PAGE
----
Digital “blueprints” made by the Global Digital Exemplars (GDE) have made available to hospitals and could save hundreds of lives.
The toolkits allow any NHS hospital to implement improvements quicker and transform care for both patients and staff.
Up to 200 lives a year are being saved at Royal Liverpool and Broadgreen University Hospital thanks to early sepsis recognition using digital technology.
Screening at the hospital’s emergency department is now at 100 per cent and antibiotics given within the first hour has increased 90%.
Other trusts using digital blueprints to improve their care include Salford Royal NHS Foundation Trust, which is using an electronic assessment tool to test for delirium in patients over 65.
Matthew Swindells, deputy chief executive of NHS England, said: “Using straightforward technology to its fullest in the NHS will not only improve patient care and safety, but can also free up staff time.
“Some NHS hospitals are already making a huge difference to the care they offer through digital tools, and with these new blueprints it will now be easier than ever for other NHS organisations to learn from the best we have and improve care for their patients faster.”
The blueprints have been created as part of NHS England’s Global Digital Exemplar programme, which aims to create a group of reference sites for NHS digitisation and provide standardised blueprints for other trusts to follow.
There are currently 16 acute global digital exemplars, which have 17 fast followers; seven mental health GDEs, and three ambulance GDEs, however it was confirmed in September 2018 that more GDEs could be on their way.
Will Smart, chief information officer for health and care, said: “Our blueprinting work will help NHS trusts drive their use of digital far more quickly and cost effectively than has been possible in the past, adopting successful technology and projects that have already made an impact elsewhere.”
Health Secretary Matt Hancock added: “We have the opportunity to build the most advanced health and care system in the world and harness the full potential of technology to improve the lives of patients and empower people to take greater control of their own healthcare.”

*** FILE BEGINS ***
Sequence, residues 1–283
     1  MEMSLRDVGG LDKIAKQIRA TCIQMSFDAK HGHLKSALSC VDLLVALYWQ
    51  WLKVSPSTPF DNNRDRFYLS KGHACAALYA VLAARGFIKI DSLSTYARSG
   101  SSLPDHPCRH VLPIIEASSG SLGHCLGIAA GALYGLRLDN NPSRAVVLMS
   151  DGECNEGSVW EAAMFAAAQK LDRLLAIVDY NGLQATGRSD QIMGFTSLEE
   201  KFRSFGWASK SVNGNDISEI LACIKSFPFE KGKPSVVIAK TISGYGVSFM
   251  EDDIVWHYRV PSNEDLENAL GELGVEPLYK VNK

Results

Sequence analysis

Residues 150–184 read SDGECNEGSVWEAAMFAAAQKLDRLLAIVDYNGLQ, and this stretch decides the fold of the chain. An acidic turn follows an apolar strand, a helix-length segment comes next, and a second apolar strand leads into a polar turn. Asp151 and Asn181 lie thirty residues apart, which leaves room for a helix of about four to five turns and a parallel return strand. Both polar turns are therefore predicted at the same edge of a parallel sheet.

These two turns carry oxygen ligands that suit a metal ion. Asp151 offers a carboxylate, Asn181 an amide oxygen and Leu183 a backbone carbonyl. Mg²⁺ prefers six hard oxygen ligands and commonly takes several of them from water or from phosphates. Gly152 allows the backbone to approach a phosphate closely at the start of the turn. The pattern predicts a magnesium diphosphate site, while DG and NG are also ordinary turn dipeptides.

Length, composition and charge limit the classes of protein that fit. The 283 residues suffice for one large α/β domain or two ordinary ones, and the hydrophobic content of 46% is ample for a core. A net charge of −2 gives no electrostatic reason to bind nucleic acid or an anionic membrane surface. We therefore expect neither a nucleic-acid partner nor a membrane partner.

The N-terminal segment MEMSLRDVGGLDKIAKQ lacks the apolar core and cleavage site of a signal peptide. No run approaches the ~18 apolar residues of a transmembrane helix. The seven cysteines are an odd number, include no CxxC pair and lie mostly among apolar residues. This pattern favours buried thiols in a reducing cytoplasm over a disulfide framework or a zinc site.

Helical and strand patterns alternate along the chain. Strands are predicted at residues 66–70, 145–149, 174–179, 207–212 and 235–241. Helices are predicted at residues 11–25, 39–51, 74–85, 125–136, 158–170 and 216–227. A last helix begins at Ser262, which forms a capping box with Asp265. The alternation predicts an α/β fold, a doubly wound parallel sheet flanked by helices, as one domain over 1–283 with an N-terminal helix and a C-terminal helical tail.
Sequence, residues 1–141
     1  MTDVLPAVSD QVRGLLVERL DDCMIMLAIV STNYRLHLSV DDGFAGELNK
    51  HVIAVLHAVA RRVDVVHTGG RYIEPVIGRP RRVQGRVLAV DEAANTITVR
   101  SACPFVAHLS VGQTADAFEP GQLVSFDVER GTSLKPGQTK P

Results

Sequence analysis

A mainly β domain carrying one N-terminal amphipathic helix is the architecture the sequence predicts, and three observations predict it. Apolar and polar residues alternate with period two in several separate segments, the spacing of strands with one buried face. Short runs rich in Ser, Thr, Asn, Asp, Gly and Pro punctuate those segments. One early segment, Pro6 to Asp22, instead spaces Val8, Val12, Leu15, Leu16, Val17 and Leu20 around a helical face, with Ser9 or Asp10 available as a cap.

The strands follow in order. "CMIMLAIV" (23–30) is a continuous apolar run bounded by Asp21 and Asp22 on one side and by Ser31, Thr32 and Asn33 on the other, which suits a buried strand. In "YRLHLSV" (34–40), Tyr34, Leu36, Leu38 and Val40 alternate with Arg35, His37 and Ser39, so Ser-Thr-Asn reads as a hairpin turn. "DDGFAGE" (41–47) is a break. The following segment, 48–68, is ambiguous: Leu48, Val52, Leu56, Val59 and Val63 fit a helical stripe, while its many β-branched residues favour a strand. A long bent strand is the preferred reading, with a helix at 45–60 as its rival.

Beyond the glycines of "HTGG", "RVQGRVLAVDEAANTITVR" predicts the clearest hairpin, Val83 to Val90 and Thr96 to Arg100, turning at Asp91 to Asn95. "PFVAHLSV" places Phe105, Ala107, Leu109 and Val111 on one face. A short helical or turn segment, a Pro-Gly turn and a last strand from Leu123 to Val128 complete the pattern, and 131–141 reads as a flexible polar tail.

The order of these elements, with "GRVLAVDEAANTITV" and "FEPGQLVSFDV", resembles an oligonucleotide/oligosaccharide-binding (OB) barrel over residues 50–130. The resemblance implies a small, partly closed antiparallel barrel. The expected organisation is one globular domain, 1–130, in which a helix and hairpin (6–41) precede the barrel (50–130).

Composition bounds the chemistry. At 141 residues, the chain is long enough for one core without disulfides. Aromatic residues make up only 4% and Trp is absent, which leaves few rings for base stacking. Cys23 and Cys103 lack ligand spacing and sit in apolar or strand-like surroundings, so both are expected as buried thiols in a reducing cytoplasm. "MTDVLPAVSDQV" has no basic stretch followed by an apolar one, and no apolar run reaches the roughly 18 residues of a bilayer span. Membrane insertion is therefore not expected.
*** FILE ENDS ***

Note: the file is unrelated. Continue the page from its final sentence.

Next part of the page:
The new blueprints include:
Royal Liverpool and Broadgreen University Hospitals NHS Trust
The trust introduced E-sepsis, a clinical decision support tool, with screening now at 100 per cent in the emergency department (ED) and on its wards; antibiotic administration for patients with sepsis within an hour has increased to 90 per cent in ED and 60 per cent on wards and septic shock mortality in the under-45s has dropped from 60 per cent to 7.69 per cent.
Northumberland, Tyne and Wear NHS Foundation Trust
Over 4,000 mental health staff at Northumberland, Tyne and Wear NHS Foundation Trust are now able to access electronic patient records securely from anywhere, transforming care delivery. This has supported clinical staff to access systems and information remotely, from care homes to providing street triage services with the police. Implementation of the street triage team has reduced use of police detaining people under Section 136 of the Mental Health Act by 78 per cent.
Salford Royal NHS Foundation Trust
Salford Royal NHS Foundation Trust’s new electronic assessment tool for delirium has increased screening of over 65-year-olds on admission to hospital and has increased assessment of those who become newly confused when they are in hospital, with the number of identified cases per year having risen by 34 per cent and the length of stay for these patients has reduced by 11 per cent. It has saved an estimated £1.7m in the first year. Readmissions for delirium patients has also reduced from 15 per cent to 13 per cent saving an estimated £101,000 for the same period.
Gateshead Health NHS Trust
At Gateshead Health NHS Trust pathology tests – such as blood tests – are now being turned around in 25 minutes since the Trust moved from a paper-based system to an electronic order comms system. Before changing systems in 2010, Gateshead used paper forms filled in by hand to request blood tests and X rays. Results of tests were reported back to clinical teams on paper slips, which were sometimes posted to the location where the request had been made only for the patient to have been moved.
Cambridge University Hospitals
Cambridge University Hospital’s introduction of barcode medication administration (BCMA) has improved patient safety by reducing the overall rate of adverse drug events and decreasing transcription errors. Medication scanning is live across all inpatient areas and the emergency department. On average 168,000 medication administrations are scanned per month. Staff at the Trust reported feeling “safer” in administering medication due to the clinical decision support and alerts,
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